And despite is evolutionary placement next to ancestors of tarsiers, the diminutive creature has features that are distinctly anthropoid (i.e., more “monkey like”) — most especially its feet which have short toes and a short heel bone. These characteristics are quite different from modern tarsier feet and very similar to the feet of South American monkeys, such as marmosets* (which have other,more “primitive” features, like claws, compared to other monkeys, which have nails).

And unlike the tarsier, A achilles had relatively small eye sockets — meaning that its eyes had not yet evolved into the larger orbs common to tarsiers and which allows them to be nocturnal. Thus, the scientists concluded that the creature was most likely active during the day (which might partly explain why the species went extinct).

But, neither is the creature completely marmoset-like; it seems to be a type of “hybrid” species, according to Beard:

“What this new fossil is telling us is that the common ancestor of tarsiers and anthropoids really was a hybrid. It would not have been in any way completely monkey-like, but it certainly wasn’t completely tarsier-like, either. It had certain features of both lineages already present.”

Overall, the team’s analysis strongly supports the hypothesis that our earliest primate ancestors were diminutive, “shrew-like creatures” that survived on a calorie-rich diet of mostly insects.

What’s more, the location of the unique fossil find (China) also adds more support to a once-controversial hypothesis: that the earliest primates came from Asia, not Africa. This theory was first proposed by Beard and a few others in the 1990’s, and was roundly rejected by the majority of scientist in their discipline at the time. However, since that time, there has been a fairly constant record of fossil primate finds coming from Asia.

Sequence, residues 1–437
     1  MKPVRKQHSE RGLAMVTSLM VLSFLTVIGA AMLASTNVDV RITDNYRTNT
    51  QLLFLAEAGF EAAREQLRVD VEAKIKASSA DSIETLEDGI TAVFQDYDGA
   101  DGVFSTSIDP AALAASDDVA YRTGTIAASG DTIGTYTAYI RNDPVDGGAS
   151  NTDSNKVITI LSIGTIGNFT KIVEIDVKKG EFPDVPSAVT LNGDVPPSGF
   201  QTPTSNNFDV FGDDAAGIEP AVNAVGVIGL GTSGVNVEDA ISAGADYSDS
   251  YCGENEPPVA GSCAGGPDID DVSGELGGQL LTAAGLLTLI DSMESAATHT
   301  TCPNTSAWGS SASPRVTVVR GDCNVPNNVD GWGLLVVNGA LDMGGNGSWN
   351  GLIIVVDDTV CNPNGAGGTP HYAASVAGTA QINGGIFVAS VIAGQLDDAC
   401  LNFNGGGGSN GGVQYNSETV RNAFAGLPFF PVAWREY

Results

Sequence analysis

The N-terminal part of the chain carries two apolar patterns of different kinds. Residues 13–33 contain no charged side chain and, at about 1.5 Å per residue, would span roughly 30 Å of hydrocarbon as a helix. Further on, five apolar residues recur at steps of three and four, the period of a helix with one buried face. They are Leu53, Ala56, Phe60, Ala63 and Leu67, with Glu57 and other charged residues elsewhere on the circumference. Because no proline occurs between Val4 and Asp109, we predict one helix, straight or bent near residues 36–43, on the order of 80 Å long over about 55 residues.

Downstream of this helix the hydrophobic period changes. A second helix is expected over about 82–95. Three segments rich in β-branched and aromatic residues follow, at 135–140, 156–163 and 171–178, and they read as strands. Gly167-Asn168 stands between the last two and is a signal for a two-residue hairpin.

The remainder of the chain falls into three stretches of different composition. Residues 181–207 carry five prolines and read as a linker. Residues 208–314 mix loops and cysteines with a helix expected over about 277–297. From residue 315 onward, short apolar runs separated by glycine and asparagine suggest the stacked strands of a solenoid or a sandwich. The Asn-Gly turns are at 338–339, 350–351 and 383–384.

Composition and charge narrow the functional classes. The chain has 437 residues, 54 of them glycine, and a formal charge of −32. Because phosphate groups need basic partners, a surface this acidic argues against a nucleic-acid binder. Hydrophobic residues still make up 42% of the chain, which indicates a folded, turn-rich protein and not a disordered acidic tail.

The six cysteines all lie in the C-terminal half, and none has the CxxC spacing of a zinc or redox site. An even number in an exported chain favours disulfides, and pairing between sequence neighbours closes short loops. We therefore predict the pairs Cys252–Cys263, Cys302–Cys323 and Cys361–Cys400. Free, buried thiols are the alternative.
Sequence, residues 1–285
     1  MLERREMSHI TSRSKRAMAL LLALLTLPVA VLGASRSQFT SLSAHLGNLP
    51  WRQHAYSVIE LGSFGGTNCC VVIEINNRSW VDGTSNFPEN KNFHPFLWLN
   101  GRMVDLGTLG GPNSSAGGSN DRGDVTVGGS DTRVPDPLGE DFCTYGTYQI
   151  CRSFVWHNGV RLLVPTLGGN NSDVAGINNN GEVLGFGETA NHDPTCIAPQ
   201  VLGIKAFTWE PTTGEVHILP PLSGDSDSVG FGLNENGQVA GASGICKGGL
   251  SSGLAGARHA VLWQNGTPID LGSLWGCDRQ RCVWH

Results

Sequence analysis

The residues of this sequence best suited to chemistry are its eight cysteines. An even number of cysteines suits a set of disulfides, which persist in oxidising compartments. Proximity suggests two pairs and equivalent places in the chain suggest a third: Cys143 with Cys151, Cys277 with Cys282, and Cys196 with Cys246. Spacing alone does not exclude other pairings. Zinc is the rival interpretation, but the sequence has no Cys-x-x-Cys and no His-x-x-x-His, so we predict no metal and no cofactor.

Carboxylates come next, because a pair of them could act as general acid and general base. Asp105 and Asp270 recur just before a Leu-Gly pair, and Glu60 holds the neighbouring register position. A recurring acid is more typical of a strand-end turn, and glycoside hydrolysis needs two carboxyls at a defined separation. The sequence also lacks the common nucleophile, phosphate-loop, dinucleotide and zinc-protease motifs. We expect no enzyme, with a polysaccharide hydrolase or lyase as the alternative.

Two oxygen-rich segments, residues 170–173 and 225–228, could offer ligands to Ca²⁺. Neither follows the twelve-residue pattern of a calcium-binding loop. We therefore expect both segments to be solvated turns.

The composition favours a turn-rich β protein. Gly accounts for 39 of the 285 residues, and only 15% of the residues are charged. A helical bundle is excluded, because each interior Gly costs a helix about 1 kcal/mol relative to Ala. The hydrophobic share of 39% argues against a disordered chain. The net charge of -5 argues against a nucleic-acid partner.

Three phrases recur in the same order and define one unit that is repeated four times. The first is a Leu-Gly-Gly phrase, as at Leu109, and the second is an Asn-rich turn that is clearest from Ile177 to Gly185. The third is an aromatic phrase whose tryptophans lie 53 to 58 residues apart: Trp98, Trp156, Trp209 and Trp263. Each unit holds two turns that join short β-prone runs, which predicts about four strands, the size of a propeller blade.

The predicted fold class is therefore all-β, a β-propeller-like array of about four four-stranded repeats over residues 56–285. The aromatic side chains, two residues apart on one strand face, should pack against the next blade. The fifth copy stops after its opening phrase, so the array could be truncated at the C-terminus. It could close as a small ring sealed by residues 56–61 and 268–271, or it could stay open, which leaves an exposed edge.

Today, most paleontologists accept that primates first evolved in Asia and then made their way to Africa where they eventually evolved into the many hominid species that led to modern humans.

* Marmosets consist of 22 ‘New World’ monkey species belonging to one of four genera: Callithrix, Cebuella, Callibella, or Mico

More Analysis to Come

Some colleagues in the field have called this decade-long analysis “probably the most comprehensive phylogenetic analysis that’s ever been done on primates”. Nevertheless, much remains unknown.

Though the fossil find is remarkable for its near “completeness” — such nearly intact fossils are rare and valuable finds — the fact that its skull was crushed, leaves many questions unanswered. The team expects more debate on the exact placement of A. achilles in the primate family tree; one fossil, no matter how complete, does not in itself make for a definitive statement about primate evolution.

Beard et al are currently working on a second analysis of the fossil, but they also hope to find more like it, or related fossil species, in order to make better comparisons and thus more precisely place the creature on the primate evolutionary path.

Some source material (including quotes) for this post came from the Science NOW article:‘Crucial Link in Primate Evolution’ by Lizzie Wade